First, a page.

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If you’re someone who regularly upgrades the internal hardware of your computer, you’ve probably noticed that the CPU and motherboard need thermal paste.

When it is correctly applied, it could improve the heat transfer, but if there is too much thermal paste, this can damage the motherboard or its sockets. In this case, I would say, the less the better.

thermal paste

Thermal paste or compound is a substance commonly made of artic silver, or silicone and zinc. This helps to improve heat transfer because of its components, but also because it fills the groove on the surface of the CPU and the cooling system base plate.

Can Thermal Paste Damage the Motherboard?

Thermal paste is a high conductivity paste that helps with heat transferring. The paste is applied between an electronic component (in computers, it’s commonly the processor) and the heat sink. When this is applied correctly, the heat is successfully transferred between the CPU and the heat sink, as a result, the computer maintains a more stable and safe temperature.

But, using thermal paste excessively will shorten the life of the component where this is applied. When it is about thermal paste, the less the better.

Thermal paste can be used to help cover imperfection when the heat sink is installed in the surface of a component. However, when too much of it is put between both components, this tends to spread over the surface of the motherboard causing a lack of connectivity, and in the worst of the scenarios, a short circuit.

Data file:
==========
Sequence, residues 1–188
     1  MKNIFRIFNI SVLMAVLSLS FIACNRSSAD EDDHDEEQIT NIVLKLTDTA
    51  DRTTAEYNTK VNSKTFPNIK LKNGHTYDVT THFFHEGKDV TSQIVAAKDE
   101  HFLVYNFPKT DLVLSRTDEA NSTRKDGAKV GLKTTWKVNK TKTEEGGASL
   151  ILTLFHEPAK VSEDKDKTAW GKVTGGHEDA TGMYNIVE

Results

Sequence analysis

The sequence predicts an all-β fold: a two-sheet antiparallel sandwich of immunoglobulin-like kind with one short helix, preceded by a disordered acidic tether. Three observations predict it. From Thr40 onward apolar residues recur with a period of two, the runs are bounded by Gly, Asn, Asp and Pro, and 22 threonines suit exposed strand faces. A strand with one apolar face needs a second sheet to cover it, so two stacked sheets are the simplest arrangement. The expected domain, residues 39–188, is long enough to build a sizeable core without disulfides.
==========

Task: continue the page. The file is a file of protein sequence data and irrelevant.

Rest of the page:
Thus, some CPUs come with thermal paste from the fabric, already applied by the manufacturer, so there is less of a probability that something happens to the motherboard.

In an air-cooling system, the heat sink is right over the processor, and a fan is placed just in front of these, but the surface of the microprocessors and CPUs is not perfectly flat, and they may have some mini groove –most of the times, these are imperceptible.

While people may think these grooves do not affect, this may reduce the heat dissipation, maybe not considerably, but if someone wants a fully optimized heat dissipation system, thermal paste is an option.

What Happens If Thermal Paste Gets on The Motherboard Socket?

There are two types of thermal paste: a non-conductive compound and a conductive one. Non-conductive thermal compounds are mostly made of silicon and zinc.

It is the conductive thermal paste that’s usually made of Arctic Silver that has high electrical conductivity, and consequently, a better thermal conductivity. Both types not only vary on the conductivity, but viscosity, and as a result, their composition.

Conductive thermal paste is preferred by many, but the reality is that, while it is good for heat dissipation, it has to be applied carefully because otherwise, it can cause a short circuit in the motherboard. Thus, when thermal paste gets in contact with the motherboard sockets, they may never work properly again, or just never work.

They are extremely delicate, and they can never be touched. If thermal paste gets on the motherboard sockets don’t even try to clean them, it is just worse!

The motherboard has sockets that helps attach the processor. The sockets have small short pins that line up the processor to the motherboard; the pins are stiff and this doesn’t have to be forced.

The sockets have chipsets that manage the data on the CPU and the motherboard; these are electronic components and when these are blocked by something like a thermal paste, this will never work again.

Thermal paste has to be applied carefully; conductive or non-conductive compound, can cause damage on the motherboard, so thermal paste should be applied by an expert, or be careful when this is going to be applied.

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Do You Need Thermal Paste When Changing the Motherboard?

There are diverse opinions about this, though, some people would recommend applying once again. When the motherboard is changed, it is because the processor was changed, too. Subsequently, the thermal compound that was applied before is now gone, and it has to be reapplied on the new processor.